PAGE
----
# Precession: A picture using only forces

1. May 15, 2015

### greypilgrim

Hi,

If the axis of a spinning top isn't vertical, it starts to precess. I'm perfectly familiar with the explanation using torque, angular velocity and momentum vectors, then the direction of the precession comes out just by taking a vector product.

However, to me it's absolutely not intuitive without that math, especially the direction of the precession. I'm trying to use a "microscopic" picture with the top modeled as a ring consisting of many small masses on which only act forces (and no torque). So far I haven't been successful with this picture to produce a net force pointing in the direction of precession.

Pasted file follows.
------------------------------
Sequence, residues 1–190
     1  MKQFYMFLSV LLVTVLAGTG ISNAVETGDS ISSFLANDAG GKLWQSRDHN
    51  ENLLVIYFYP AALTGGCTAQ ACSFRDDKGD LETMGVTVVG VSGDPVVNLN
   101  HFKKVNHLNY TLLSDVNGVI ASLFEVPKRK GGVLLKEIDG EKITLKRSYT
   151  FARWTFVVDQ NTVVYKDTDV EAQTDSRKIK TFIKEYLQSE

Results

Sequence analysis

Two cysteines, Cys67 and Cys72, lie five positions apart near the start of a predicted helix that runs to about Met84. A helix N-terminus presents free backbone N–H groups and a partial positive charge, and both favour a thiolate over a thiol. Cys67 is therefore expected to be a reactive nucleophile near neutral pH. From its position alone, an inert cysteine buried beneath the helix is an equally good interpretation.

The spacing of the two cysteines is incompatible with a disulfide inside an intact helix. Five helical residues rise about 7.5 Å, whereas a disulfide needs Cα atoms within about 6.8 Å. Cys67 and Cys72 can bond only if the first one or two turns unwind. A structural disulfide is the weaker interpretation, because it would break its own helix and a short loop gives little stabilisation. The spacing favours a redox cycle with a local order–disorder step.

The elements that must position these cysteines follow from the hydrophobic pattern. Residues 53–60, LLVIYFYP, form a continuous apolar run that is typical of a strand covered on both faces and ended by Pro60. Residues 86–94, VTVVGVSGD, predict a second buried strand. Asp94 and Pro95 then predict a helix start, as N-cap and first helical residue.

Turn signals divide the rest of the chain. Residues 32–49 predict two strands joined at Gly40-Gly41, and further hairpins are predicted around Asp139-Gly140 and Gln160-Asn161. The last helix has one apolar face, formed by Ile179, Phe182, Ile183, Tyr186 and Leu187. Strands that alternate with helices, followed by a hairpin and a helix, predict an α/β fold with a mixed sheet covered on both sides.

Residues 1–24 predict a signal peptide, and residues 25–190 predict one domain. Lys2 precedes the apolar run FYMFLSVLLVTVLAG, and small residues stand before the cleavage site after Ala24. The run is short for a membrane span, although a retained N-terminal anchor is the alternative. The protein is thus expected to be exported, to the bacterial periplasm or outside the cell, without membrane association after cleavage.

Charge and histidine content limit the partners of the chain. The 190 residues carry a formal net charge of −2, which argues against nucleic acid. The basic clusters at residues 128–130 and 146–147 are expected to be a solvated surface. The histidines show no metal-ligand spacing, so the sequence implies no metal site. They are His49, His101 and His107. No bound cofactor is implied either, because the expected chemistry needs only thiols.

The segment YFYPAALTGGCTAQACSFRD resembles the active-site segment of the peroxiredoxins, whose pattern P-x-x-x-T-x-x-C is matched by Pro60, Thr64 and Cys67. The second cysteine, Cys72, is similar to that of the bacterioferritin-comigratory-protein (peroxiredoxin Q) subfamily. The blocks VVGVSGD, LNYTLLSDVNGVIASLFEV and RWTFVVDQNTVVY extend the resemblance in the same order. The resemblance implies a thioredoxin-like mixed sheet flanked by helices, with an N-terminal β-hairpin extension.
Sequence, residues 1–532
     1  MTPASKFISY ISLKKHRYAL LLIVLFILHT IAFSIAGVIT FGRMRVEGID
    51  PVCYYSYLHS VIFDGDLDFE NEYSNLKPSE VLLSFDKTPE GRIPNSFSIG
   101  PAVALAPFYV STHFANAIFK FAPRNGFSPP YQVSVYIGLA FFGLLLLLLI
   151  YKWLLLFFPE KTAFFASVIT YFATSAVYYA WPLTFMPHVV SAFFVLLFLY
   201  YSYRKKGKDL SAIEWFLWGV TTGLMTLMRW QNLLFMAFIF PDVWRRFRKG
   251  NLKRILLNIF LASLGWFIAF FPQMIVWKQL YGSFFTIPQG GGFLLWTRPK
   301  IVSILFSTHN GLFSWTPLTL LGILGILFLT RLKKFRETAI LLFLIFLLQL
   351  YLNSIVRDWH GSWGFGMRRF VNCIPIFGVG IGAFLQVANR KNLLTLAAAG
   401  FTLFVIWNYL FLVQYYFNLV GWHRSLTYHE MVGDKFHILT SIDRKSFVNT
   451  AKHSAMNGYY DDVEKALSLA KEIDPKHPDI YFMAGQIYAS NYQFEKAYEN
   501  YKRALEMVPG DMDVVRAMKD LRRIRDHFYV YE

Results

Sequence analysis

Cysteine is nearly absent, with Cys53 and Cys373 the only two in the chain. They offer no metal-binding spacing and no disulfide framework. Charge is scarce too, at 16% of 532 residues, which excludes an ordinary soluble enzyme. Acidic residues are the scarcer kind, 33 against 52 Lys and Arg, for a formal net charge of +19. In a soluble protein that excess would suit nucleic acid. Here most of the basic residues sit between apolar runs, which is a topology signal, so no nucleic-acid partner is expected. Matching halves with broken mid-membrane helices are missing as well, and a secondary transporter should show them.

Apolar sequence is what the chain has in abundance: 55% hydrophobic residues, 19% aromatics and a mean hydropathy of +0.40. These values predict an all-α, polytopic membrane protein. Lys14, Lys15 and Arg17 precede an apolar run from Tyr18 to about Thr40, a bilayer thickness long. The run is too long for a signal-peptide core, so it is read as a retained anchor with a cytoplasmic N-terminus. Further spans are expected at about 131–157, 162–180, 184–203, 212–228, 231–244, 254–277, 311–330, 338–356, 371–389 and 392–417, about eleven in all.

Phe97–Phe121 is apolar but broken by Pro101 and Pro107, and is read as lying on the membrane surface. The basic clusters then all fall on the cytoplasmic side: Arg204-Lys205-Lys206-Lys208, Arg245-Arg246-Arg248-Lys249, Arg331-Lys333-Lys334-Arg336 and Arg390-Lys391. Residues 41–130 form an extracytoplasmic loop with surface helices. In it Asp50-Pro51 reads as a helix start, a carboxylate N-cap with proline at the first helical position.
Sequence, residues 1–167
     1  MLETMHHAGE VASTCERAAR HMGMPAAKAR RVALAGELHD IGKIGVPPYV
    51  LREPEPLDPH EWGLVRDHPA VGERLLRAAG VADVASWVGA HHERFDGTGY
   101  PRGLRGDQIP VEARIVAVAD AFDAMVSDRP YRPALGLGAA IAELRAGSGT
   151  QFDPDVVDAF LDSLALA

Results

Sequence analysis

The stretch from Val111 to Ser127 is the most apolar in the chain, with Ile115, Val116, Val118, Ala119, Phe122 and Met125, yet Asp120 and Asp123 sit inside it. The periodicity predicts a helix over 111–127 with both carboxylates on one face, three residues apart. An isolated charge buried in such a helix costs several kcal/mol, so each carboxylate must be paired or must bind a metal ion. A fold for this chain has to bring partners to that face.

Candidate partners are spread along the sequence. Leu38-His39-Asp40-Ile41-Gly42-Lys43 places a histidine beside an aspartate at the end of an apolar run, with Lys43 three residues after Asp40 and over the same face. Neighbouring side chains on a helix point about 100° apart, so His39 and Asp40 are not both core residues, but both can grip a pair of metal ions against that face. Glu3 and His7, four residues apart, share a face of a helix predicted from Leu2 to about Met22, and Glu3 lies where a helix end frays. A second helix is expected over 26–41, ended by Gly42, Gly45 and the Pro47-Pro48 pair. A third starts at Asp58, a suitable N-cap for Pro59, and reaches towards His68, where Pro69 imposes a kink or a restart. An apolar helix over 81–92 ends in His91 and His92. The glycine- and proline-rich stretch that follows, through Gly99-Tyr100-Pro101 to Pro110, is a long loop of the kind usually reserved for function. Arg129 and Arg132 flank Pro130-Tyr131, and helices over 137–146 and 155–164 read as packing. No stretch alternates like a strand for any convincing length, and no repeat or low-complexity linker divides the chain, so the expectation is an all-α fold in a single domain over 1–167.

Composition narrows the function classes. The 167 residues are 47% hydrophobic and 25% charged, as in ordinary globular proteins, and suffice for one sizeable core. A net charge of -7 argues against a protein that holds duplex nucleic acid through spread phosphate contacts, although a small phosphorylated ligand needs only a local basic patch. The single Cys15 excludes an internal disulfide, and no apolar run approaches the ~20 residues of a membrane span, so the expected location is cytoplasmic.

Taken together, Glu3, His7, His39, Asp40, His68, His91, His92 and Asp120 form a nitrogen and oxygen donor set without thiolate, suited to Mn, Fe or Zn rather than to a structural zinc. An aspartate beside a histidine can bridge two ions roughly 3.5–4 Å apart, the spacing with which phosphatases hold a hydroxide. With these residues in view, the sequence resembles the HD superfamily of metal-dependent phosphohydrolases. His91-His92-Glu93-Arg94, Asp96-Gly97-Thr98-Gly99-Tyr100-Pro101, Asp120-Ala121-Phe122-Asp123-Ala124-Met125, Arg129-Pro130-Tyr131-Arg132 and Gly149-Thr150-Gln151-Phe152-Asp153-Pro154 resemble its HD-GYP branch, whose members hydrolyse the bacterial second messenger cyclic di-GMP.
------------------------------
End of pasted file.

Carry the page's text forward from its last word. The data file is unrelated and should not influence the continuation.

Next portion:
I'm not quite sure what forces I need to consider. There is gravity of course and a centripetal force to keep the masses on the ring. The sum of the centripetal forces on all the particles on the ring cancels. However there are also forces that keep the center of the ring at the same distance from the tip and the plane of the ring perpendicular to the line from the center to the tip, but I don't know how to deal with those forces.

Any ideas?

2. May 15, 2015

### robphy

3. May 15, 2015

### brainpushups

Another resource which you may find interesting is a sort of 'walkthrough' of how to analyze Feynman's famous wobbling plate from the point of view of forces. However, this problem involves free precession (not torque induced precession) and so is not exactly what you asked about.